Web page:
If Kissin's goal was to make as stark a contrast as possible with what he was going to do with op. 111, he succeeded. The Beethoven opened with a fierceness in the first movement's menacing fugue subject, at times lost in a wild rumpus of notes. Kissin took the tempos as fast and wild and literal as he could, the bass booming and swirls of notes in the center section. The Arietta was simple, soft, almost but not quite unbearably slow -- as András Schiff pointed out in his lecture on this sonata, is this movement marked "Molto Adagio" or "Adagio, molto semplice"? -- with diverting little wisps of countermelody in the minor phrase of the first variation. Neither the second nor third variation crossed the line from jaunty into "boogie-woogie" -- again, I am with Schiff on this point, that hearing such jazzy overtones in these variations is a "banality." Schiff sees the last movement as being a "Gratias" moment, all about gratitude and thanksgiving, and that seemed to be where Kissin was aiming, at a brush with the divine, in the formless exclamations and wandering triplets drunk with starlight in the fourth variation. The trill section, where a trill has to be maintained as constantly as possible while all sorts of other things happen at the same time, was absolutely magical and serene. Recent performances of the piece immediately sank in my estimation -- Till Fellner in 2010 less so than Simone Dinnerstein in 2009.


Other Reviews:

Anne Midgette, Pianist Evgeny Kissin offers Viennese classicism at Kennedy Center recital (Washington Post, April 26) [3 encores]

Michael Guerrieri, Personality, proficiency from pianist Kissin (Boston Globe, April 23) [5 encores]

Lawrence Budmen, Kissin closes Kravis classical season in supreme artistic style (South Florida Classical Review, April 17) [no encores]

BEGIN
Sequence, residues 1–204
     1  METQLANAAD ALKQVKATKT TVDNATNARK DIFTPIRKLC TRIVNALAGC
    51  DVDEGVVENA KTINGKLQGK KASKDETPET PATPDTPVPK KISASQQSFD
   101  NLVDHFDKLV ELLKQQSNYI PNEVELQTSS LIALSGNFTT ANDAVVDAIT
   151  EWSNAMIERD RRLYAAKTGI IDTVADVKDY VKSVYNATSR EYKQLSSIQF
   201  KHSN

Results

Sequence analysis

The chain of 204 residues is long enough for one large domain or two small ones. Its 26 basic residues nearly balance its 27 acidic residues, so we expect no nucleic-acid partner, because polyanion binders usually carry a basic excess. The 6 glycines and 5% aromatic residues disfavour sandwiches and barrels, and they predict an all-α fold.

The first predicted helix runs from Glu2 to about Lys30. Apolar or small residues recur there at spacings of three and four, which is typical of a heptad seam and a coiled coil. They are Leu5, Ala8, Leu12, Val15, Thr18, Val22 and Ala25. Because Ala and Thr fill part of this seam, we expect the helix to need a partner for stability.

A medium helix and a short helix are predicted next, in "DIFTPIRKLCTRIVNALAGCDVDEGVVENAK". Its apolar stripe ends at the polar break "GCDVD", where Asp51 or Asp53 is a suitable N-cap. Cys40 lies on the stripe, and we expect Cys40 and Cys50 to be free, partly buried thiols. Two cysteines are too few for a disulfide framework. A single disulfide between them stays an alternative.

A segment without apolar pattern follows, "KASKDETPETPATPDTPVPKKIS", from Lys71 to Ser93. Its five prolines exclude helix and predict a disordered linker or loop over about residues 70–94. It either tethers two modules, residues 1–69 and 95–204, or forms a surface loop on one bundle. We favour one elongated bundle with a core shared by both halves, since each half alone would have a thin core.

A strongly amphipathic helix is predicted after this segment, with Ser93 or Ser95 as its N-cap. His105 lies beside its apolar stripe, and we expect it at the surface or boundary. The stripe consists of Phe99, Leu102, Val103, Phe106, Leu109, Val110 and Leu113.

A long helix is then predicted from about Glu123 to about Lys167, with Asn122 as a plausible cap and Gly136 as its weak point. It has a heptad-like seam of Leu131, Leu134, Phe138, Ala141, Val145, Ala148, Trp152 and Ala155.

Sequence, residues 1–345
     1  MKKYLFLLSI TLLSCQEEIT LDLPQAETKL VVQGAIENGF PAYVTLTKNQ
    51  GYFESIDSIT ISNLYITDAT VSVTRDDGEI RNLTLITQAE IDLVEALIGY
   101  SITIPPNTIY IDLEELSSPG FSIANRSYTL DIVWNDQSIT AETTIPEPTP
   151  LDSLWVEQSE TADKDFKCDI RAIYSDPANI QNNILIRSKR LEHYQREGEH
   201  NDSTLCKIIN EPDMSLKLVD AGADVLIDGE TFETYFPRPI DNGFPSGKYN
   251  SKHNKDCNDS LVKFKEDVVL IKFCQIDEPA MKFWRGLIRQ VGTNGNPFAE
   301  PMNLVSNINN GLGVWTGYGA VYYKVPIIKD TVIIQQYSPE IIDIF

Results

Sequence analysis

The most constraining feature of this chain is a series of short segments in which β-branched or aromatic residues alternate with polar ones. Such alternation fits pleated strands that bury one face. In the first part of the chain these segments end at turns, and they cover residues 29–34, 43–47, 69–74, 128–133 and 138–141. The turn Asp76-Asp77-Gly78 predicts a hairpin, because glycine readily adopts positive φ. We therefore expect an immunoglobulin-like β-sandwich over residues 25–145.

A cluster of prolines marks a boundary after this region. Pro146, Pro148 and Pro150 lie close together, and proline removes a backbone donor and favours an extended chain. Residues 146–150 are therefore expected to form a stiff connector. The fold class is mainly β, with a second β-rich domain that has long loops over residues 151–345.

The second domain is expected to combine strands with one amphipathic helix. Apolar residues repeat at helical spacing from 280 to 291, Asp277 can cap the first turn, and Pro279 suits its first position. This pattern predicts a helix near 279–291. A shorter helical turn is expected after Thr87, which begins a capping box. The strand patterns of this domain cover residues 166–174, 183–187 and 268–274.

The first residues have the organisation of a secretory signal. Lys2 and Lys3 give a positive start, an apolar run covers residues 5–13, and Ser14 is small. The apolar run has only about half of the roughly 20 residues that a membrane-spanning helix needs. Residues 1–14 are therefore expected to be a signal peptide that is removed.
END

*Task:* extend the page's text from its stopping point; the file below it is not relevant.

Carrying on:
A quartet of Schubert impromptus (two each from the D. 899 and D. 935 sets) brought Kissin back down to earth, music that inspired a simple tunefulness and evanescent calm in his playing. The F minor impromptu (D. 935, no. 1) had effortless hand crossings and transparent serenity, the G-flat major (D. 899, no. 3) a natural stretch to the rubato, perhaps bordering on empty facility at times. The gorgeous B-flat major (D. 935, no. 3) was a radiant, breathing wisp of a thing, and the loopy, wandering excesses of the A-flat major (D. 899, no. 4) were disorienting. Liszt's twelfth Hungarian Rhapsody (C-sharp minor, S 244) was a sort of pre-encore, the only moment of pure theater in an otherwise cerebral, poetically minded program, a frenzy of pianistic showmanship that whipped the crowd into a huge ovation. Kissin was ultimately coaxed into playing three actual encores: a "Mélodie" from Gluck's Orfeo ed Euridice, arranged by Sgambati, for the slow aria; Liszt's tenth transcendental etude for more fireworks; and Liszt's orchestral transcription of Schubert's song Die Forelle to tie the threads together. The sense that Kissin had more encores ready -- including some Chopin, which I always hope to hear from this pianist -- was left unfulfilled. What were the last two encores Kissin played in Boston, just a couple days earlier? Chopin's D minor prelude from op. 28 and Beethoven’s Rage Over a Lost Penny. How sad that Kissin, who had agreed to sign CDs after the performance, did not get to those.

WPAS's extraordinary April continues with a recital by pianist Rafał Blechacz tomorrow (April 27, 7:30 pm), in the Kennedy Center Terrace Theater.

1 comment:

Anonymous said...

he did not get to those encores not because HE did not want to, but because he had to - sadly -vacate the hall exactly at 10.30